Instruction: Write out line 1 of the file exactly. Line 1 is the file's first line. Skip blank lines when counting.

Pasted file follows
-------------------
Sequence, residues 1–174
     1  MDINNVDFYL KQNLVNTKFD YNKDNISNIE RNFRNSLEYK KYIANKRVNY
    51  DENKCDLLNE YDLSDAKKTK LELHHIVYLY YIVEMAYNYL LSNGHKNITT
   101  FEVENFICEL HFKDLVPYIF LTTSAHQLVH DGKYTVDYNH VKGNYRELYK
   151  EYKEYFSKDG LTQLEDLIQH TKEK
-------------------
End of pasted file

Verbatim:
Sequence, residues 1–174